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I felt like following up on Kate's question. There were some good motivational answers there.

Given a pair of factors M < N, there is a standard way to construct a 2-category whose objects are M and N, whose morphism categories are the categories of bimodules, and whose composition is described by some kind of Connes product. If I restrict to the endomorphism category of M, I get a monoidal category structure, but I don't know how to say anything about it. Here's a barrage of questions:

  1. When people talk about fusion categories coming from subfactors, are they referring to the endomorphism category of one of the factors?
  2. How are the endomorphism categories of M and N related? Are they equivalent? Are they Koszul dual?
  3. Does the Jones index say something concrete about the category, like Frobenius-Perron dimension? (How does one compute Jones index, anyway?)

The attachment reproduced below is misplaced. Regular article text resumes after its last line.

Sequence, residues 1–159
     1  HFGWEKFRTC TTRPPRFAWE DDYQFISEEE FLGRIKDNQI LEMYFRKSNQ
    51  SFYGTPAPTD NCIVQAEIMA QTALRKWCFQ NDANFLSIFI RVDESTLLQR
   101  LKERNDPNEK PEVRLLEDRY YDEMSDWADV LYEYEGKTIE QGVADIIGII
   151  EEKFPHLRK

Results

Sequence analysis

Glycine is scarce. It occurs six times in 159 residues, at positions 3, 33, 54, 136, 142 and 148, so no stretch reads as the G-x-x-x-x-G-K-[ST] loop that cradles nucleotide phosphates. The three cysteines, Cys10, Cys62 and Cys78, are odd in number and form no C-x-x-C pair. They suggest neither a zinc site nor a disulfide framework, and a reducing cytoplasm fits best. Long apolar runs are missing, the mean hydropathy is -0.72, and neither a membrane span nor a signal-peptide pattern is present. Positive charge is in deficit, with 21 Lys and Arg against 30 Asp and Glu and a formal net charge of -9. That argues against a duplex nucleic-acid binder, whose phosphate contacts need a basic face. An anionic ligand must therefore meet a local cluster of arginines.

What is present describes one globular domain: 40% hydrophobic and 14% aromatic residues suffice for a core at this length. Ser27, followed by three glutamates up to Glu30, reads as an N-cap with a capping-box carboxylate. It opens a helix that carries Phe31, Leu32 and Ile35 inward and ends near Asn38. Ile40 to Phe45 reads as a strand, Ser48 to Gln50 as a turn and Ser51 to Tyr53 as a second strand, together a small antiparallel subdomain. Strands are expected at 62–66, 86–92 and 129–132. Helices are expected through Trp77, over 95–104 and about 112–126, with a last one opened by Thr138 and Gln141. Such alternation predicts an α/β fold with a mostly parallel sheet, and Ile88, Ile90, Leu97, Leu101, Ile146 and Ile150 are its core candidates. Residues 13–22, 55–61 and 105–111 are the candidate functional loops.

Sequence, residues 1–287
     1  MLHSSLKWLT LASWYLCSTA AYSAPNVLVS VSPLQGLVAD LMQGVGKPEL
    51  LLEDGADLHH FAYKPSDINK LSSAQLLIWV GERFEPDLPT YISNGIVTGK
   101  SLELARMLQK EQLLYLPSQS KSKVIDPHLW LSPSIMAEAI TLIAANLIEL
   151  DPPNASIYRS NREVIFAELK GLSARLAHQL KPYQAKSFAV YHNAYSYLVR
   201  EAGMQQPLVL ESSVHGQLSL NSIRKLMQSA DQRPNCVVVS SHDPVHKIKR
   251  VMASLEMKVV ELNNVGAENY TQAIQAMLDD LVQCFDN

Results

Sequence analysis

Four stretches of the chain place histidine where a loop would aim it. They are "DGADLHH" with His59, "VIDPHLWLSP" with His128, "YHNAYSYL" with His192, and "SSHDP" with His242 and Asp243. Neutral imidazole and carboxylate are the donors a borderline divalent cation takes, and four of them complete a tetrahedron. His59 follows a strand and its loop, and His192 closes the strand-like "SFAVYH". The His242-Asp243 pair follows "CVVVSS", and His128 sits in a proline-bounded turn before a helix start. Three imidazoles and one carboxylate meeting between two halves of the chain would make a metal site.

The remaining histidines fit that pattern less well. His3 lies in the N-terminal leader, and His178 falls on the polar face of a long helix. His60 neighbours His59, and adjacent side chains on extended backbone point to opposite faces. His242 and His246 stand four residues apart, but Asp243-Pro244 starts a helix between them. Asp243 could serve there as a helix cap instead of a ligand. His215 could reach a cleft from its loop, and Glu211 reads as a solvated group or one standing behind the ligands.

4. How do people go about constructing exotic subfactors? Do they just arise in nature? I'm totally okay with pointers to references here.
  5. (bonus) I should get a braided tensor structure from a net of factors on a circle. Is this the center of the fusion category, and is it in the literature?

Edit: Based on the (fantastically illuminating) responses, it seems that my bonus question doesn't make sense, because the M-M bimodule fusion category depends on the choice of N in an essential way. Maybe the phrase "conformal defect" should be used somewhere. If I come up with a suitable replacement, I'll present it as a separate question.

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Wow, so many questions Scott! Want to consider breaking them out into separate questions? It would be much easier to manage, answer, and read the results. –  Scott Morrison Oct 23 '09 at 16:40